A ban on divorce is what most children would introduce if they ruled the world, according to a poll.
By Alastair Jamieson
Published: 8:52PM GMT 14 Dec 2008
Marital splits were also named the second-worst thing in the world in the survey of under-10s, behind being fat.
The annual survey of 1,600 youngsters found X Factor judge Simon Cowell was more famous than God or Her Majesty the Queen and that the very best things in the world are ‘good looks’.
Asked what rules they would make if they were king or queen of the world, most children replied they would ban divorce – the first time it has come at the top of the list.
Bullying would also be banned and has risen to the number two slot from number three last year and number five the year before.
Around two thirds of the children who took part said they were happy, but 27 per cent were not and a further seven per cent were unsure.
Over 80 per cent of the children questioned thought they would probably marry when they grow up although 17 per cent gave a definite “no” on the subject.
Sixty six per cent wanted to have children, with most of them stopping at one or two. Nearly one third were unsure about becoming parents.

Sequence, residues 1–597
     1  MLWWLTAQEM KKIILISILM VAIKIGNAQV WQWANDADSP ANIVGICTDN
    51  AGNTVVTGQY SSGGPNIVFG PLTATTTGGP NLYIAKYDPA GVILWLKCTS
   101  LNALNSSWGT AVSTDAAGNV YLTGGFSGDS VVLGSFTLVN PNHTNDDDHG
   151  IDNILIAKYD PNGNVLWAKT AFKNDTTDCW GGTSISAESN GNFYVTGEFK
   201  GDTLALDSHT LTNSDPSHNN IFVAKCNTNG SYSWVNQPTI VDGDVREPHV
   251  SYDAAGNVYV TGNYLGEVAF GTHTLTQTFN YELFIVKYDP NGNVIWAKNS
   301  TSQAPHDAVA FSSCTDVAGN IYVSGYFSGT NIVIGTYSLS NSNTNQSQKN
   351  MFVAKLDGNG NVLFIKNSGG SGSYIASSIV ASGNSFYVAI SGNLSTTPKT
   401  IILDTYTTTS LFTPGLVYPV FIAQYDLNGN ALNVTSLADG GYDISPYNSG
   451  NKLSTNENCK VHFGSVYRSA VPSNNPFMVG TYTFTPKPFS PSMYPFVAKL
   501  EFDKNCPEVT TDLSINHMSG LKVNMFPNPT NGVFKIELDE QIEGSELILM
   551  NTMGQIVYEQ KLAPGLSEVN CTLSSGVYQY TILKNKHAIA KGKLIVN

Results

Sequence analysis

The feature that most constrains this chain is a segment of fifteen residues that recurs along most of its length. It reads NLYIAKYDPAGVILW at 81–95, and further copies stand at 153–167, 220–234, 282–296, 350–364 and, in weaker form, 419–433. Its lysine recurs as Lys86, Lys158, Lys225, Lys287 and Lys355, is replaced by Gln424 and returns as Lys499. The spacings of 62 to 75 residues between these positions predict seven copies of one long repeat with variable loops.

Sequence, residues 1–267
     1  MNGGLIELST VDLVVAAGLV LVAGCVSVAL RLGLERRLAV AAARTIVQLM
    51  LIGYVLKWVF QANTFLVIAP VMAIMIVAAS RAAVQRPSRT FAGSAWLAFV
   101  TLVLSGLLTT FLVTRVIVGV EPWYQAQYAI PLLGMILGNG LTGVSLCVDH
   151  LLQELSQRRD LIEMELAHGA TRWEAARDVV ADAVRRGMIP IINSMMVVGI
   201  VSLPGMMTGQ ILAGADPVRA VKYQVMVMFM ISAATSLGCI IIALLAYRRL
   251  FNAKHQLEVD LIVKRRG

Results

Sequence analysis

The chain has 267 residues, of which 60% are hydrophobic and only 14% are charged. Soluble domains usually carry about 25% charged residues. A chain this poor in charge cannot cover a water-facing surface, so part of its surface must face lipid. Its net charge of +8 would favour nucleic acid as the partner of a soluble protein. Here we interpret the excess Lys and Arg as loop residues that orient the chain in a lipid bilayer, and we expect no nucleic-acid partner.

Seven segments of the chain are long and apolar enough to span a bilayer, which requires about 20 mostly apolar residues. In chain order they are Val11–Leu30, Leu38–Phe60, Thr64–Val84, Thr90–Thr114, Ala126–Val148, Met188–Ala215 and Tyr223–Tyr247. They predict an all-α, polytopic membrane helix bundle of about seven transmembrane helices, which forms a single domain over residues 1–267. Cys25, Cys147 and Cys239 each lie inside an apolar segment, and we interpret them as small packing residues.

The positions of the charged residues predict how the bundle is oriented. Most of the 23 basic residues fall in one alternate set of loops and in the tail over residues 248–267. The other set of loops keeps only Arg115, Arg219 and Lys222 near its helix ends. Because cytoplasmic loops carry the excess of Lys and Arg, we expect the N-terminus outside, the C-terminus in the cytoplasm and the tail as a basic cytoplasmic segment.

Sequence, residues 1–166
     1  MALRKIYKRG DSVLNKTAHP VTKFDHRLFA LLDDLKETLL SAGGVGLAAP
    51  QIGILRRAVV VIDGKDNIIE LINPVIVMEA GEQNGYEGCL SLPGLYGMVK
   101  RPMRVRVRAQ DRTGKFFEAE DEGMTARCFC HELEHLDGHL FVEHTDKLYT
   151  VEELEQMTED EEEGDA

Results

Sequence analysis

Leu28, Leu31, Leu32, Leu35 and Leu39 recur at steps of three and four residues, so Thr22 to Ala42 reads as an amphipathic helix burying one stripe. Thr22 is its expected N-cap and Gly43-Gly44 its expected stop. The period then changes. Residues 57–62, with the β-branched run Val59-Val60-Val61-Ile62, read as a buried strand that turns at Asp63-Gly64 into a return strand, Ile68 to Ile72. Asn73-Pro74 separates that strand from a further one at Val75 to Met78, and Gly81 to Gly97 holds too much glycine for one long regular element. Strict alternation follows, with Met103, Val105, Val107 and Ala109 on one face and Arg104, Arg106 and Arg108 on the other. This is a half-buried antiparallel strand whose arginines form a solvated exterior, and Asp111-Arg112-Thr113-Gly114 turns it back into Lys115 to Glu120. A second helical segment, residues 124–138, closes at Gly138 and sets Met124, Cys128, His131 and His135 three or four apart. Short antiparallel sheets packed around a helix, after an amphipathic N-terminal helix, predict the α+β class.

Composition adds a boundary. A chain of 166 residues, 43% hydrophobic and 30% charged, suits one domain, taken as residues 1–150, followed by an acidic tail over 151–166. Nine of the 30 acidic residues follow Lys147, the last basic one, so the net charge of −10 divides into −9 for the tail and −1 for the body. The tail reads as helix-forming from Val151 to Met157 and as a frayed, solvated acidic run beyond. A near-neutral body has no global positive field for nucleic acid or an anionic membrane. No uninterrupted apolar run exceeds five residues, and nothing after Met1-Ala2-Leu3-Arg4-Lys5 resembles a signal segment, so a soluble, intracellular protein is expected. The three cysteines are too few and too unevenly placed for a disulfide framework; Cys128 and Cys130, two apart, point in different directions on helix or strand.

Saturday remains the best day of the week for most, because there is no school and they can stay up late to watch television.
Nearly all of those surveyed had a best friend who was kind, but many said they were in love – the number two reason for having a best friend this year, rising from number five last year and seven the year before.
Being fat topped the list of worst things in the world, rising from number three last year. It was number nine in 2006, but was not featured in the 2005 list.
The nationwide research was carried out by Luton First, sponsors and organisers of the fourth annual National Kids’ Day.
Patricia Murchie, of Luton First, said: “It seems clear that many pre-teens are more concerned than ever with their looks and weight – possibly reflecting media images of glamour, and new educational initiatives in nutrition and healthy eating.”
She said: “This particular age group has some very clear ideas on how the world could be changed for the better, but are very rarely given the opportunity to express them.”